Healthy Living: Cervical Health Awareness

Channel 2 Morning Edition (6 a.m.)
Published: Feb. 16, 2021 at 8:49 AM AKST
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ANCHORAGE, Alaska (KTUU) - Becoming a mom is something Leticia Wade was told would never happen and if by some chance it did, it wouldn’t be naturally. Her story begins at the age of 20. That’s when she had her first abnormal pap smear and doctors found cancer cells in her cervix putting her at high risk for HPV.

“At 20, I was like, well, what does that mean? You know, you hear the word cancer and it’s always daunting,” said Wade.

The topic of treatment came up, even the idea of a hysterectomy.

“I said, you know, I’m not ready for that option, you know, let’s do, let’s do something different,” Wade explained.

She ended up getting a LEEP procedure, which basically burns out the layers of the cervix but also puts you at higher risk of infection.

Wade said, “After about four years of abnormal pap smears and three LEEP procedures, one exploratory laparoscopic surgery in my area, they really were surprised one that I had not been diagnosed with cancer yet and two just didn’t know what was going on.”

Wade’s right tube was removed and she lost about 70% fertility in her right ovary.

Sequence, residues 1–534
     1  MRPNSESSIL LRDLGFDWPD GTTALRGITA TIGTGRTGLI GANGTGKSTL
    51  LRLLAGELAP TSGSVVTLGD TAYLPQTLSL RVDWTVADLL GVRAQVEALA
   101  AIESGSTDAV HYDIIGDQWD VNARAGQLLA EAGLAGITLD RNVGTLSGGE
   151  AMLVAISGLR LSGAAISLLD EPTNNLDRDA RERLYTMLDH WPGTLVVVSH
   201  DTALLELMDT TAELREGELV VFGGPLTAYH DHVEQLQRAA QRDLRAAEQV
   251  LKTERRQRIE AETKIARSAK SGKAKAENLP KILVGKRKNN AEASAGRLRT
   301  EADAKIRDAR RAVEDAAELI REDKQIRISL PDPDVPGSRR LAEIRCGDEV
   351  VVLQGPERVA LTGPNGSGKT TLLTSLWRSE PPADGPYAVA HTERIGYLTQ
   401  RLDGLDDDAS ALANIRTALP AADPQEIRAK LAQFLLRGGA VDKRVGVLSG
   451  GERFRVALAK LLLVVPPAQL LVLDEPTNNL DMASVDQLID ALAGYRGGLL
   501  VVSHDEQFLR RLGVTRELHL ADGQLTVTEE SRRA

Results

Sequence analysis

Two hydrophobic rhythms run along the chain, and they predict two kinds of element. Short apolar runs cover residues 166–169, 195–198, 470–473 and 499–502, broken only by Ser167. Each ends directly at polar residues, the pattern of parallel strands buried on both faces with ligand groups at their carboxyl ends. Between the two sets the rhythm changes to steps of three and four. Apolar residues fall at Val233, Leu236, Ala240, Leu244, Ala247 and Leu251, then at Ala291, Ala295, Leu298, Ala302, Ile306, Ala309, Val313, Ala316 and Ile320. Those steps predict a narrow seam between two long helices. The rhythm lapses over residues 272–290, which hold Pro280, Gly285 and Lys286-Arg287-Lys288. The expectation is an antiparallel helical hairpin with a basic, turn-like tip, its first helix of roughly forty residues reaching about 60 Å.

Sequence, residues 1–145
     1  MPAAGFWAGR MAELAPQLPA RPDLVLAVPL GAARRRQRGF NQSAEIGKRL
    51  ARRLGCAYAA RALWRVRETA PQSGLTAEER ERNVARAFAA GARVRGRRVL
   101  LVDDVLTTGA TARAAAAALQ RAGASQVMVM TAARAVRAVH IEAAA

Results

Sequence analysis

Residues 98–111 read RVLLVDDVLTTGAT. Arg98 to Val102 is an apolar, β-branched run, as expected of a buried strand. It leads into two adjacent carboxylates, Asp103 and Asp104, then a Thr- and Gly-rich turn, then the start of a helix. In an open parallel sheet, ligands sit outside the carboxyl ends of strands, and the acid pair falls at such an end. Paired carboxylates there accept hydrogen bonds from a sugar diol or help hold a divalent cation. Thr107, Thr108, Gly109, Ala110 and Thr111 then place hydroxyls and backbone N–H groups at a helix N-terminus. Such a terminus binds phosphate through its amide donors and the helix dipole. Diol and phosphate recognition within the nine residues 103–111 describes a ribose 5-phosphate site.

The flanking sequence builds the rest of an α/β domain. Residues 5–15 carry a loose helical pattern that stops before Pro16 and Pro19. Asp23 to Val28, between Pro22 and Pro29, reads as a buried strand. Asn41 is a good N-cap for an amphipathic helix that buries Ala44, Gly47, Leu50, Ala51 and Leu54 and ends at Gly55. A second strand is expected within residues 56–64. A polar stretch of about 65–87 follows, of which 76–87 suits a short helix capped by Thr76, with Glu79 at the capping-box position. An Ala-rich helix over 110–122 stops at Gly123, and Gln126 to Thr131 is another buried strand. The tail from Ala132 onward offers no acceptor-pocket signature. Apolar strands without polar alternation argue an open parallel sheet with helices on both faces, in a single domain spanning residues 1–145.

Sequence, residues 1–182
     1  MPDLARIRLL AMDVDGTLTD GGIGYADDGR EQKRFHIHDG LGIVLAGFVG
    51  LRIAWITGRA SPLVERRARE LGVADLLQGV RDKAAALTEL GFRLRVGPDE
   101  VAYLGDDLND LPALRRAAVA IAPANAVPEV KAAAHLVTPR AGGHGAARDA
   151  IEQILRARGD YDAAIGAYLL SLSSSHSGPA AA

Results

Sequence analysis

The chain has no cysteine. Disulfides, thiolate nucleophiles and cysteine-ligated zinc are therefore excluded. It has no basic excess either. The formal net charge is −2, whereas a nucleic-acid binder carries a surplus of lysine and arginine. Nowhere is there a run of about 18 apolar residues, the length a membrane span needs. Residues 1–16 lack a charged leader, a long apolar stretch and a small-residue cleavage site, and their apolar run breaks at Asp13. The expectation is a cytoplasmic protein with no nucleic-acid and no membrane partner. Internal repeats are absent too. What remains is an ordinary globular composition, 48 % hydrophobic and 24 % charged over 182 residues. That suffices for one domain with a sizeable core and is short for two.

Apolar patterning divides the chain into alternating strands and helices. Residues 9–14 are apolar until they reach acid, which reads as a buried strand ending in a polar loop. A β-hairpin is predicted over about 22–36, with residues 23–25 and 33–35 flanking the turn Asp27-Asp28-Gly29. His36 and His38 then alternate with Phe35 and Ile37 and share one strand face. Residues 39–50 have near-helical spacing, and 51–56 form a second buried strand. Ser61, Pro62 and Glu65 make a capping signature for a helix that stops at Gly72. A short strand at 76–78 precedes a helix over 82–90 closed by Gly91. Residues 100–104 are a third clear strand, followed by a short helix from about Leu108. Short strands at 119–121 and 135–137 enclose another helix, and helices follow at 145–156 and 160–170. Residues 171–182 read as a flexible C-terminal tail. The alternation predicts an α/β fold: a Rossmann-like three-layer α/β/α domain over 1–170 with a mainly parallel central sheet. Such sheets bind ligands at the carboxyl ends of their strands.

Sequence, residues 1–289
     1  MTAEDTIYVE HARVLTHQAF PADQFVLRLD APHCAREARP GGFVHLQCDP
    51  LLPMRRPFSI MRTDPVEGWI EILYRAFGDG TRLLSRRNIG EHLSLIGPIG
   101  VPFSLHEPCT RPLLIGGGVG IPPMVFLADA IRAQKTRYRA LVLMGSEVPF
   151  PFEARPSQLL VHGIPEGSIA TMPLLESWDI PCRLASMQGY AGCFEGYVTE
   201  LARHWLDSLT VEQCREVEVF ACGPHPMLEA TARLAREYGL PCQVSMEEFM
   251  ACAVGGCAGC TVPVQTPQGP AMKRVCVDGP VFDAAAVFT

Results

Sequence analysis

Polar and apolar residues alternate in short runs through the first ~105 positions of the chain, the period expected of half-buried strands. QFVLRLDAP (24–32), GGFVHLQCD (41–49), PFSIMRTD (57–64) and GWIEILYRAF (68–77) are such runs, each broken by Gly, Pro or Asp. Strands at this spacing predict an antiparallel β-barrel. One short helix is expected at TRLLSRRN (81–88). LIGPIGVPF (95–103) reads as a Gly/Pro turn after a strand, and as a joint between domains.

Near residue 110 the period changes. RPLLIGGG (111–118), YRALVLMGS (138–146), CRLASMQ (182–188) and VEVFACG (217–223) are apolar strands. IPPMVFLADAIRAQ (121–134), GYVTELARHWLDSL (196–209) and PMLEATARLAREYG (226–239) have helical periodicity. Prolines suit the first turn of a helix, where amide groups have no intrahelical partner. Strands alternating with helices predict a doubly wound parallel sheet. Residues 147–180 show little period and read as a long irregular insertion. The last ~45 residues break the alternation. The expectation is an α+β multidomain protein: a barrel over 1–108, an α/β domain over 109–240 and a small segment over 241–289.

“I really think it was her removing those parts in the surgery that just flip the switch,” said Wade.

She ended up having 3 kids and all 3 were natural births. Wade is still cancer-free, but it’s her age range that Dr. Melissa Hardesty, an Oncologist at Alaska Women’s Cancer Care in Anchorage, sees with a lot of her patients.

“There was a time when cervix cancer was the number one cancer that killed women and unfortunately in many parts of the world it still is,” said Hardesty.

Hardesty explained, while cervical cancer is a devastating disease, there is some good news in terms of prevention and treatment of it.

She said, “Screening for pre-cancer lesions and that’s done with a pap smear and even more recently and more dramatically important is vaccination.”

As for how often and when a woman should get her annual exam, that’s an ever-changing conversation.

“It’s not a simple answer and I would tell you that basically, most women at the age of 21 and older should be getting pap smears in some interval,” said Hardesty.

“It’s better to say something and have it be nothing, then ignore just the slightest feeling or change and have it be something,” added Wade.

Let Every Woman Know is a non-profit organization dedicated to raising awareness of gynecologic cancer in Alaska.

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